Chory's Reviews > A Sunday at the Pool in Kigali

A Sunday at the Pool in Kigali by Gil Courtemanche
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Feb 13, 08

bookshelves: read-for-school, books-of-genocide
Recommended to Chory by: Andrew Cohen
Recommended for: Anyone interested in African culture or the Rwandan genocide.
Read in February, 2008

While it would be easy to see Courtemanche's choice to present the work as a novel rather than a memoir or a piece of literary journalism (the easiest choice, after all, what with his being a journalist) as risky, the effect on the reader's understanding—with the narrative presented as a work of fiction—is an increased grasp of what he calls the "human quality of the murdered men and women (preface)." In describing scenes to which the journalist could not have been witness (as in chapter two with his description of Gentile's great grandfather's selective breeding program for his sons), the author enables the reader a necessary means of comprehending a historical perspective.
Through the foil for himself of Bernard Valcourt, Courtemanche evades the pitfalls inherent in any story of witness—a sort of woe-is-me, voyeurism, or a desensitizing, anesthetic, and over-the-top exhibition of the ills of humanity which leaves the reader ashamed, but also unable to reconcile his own humanity with what he has read. Bernard allows readers to identify with all of the other characters both through his detached Canadian tone and his observantly poetic relation of the story. In a way, it feel as though the author has sensed a need to separate himself from the pain of the topic—the loss of his love, his incapacity to change the situation, and the culpability of his nation—in order that readers can understand the gravity of the situation.
Whereas Primo Levi, being himself a survivor, necessarily produced a work of memoir, it would chance disrespect for Courtemanche to presume to tell the tale of survival from an "I was there" focus. Instead, the character of Valcourt serves as a vehicle for the reader to place himself beside the pool (something we are unable to do in memoir, being author-focused as it is) and look through the eyes of one of his own kind: A white, male, westerner, baffled by a society he does not—and perhaps cannot—understand.
Much of the meat of the story, the tender lines at the moment of death—"Wife, better to die of pleasure than torture, (98)"—would be impossible for a journalist to honestly state, would have been impossible for him to witness: But their being in the tale, while perhaps wholly fictional, are the only means by which the reader can come to understand the head-space of the women and men embroiled in this Rwandan story. The vehicle of fiction has allowed Courtemanche to paint in more detail the story of this genocide; paint it in many stippled dots, like an impressionist painting, which when viewed close-up are confusing and even problematic, but assembled into a whole give the reader a picture of a society and not just those individuals within it.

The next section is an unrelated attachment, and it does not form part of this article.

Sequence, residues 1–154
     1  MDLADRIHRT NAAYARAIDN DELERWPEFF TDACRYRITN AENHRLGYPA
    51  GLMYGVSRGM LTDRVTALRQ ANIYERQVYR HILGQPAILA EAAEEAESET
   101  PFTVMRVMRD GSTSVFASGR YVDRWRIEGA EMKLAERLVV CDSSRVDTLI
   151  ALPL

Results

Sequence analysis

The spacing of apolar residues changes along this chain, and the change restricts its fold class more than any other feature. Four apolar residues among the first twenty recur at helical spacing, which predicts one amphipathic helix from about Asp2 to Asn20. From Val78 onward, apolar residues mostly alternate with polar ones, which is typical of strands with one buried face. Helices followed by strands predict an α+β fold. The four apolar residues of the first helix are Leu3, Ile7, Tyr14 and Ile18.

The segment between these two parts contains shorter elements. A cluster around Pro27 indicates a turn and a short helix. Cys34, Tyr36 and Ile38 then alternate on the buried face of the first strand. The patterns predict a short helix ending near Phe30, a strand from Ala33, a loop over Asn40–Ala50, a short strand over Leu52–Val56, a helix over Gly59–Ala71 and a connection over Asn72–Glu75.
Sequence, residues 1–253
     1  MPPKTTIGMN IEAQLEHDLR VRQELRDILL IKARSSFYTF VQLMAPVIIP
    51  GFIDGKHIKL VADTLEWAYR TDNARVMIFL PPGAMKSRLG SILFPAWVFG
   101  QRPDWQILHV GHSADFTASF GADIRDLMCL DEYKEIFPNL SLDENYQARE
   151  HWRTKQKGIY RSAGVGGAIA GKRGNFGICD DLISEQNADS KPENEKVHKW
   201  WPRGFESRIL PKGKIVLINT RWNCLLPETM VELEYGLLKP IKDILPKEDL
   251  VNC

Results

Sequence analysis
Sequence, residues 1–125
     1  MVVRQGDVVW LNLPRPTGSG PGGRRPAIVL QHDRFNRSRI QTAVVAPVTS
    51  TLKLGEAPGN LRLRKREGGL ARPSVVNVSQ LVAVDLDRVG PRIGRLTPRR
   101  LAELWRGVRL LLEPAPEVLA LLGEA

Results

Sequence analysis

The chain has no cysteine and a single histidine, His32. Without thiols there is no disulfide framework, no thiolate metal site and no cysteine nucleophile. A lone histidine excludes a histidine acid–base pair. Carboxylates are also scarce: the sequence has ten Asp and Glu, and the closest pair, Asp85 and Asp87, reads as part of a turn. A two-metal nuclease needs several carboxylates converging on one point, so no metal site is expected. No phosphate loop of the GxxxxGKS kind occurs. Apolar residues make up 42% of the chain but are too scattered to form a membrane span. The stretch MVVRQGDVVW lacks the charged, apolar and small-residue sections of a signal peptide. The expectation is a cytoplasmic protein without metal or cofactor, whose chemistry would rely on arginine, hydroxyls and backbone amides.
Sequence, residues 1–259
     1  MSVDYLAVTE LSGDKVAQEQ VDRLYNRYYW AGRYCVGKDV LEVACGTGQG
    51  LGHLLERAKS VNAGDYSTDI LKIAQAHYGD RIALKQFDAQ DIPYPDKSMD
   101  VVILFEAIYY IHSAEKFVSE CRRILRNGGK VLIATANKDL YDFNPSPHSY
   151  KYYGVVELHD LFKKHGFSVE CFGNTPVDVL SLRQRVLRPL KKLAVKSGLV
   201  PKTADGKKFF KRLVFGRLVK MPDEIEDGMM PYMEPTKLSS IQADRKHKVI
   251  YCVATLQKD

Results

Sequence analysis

A risk is run in this presentation—a heavy and measured risk—that the reader might dismiss much of what is read out of hand: How could anything so brutal happen in a post Holocaust world? Courtemanche has attempted to circumvent this risk with his preface statements. However, his caveat prior to the text is unnecessary in that the book itself so skillfully builds a comprehensive understanding of the situation that no one (who is intelligent, modern, at all human) reading—even without the preface—could possibly doubt its validity. The author guides readers up one of Rwanda's hills, as it were, through the narrative and shows him the view of a society; along the way there are indicators, subtle signs, marks of things to come, which build a foundation of understanding within us. Atop the hill, Courtemanche—through Valcourt—gives us the view ("You see, each country has a colour, a smell, and also a contagious sickness. (140)") of the tableau lain before us—a country lain in disarray by white colonialism and later white-guilt—and begins to lead us down the hill and into the night. The denouement of the novel begins in chapter seven as the participants begin to confront the eminent reality of their own deaths—something Methode is aware of from the beginning—and "threatened, frightened, ruined, sick, [...] were celebrating life. (156)" Whether Celestin thought these things or not becomes irrelevant: The journalist could not have been within her head, but the novelist can use her thoughts to convey the human quality of people confronted with atrocity and no choice but to go on living. The characters in Kigali have no choice but to continue their long walk into the sighing hills.
In presenting "Kigali" as a novel, Courtemanche is able to evade the question of guilt. Bernard Valcourt remains in Kigali, continues to work for humanitarian organizations, fights for genocide victims, and befriends a western medical aid worker. His story has a salvation element in that—though he lost Gentille—the character, in the end, "is at peace with himself (260)." In reality, a perhaps guilty Courtemanche lives in Montreal and likely feels all of the oppression of his "impotence in the face of horror." Hence the book.
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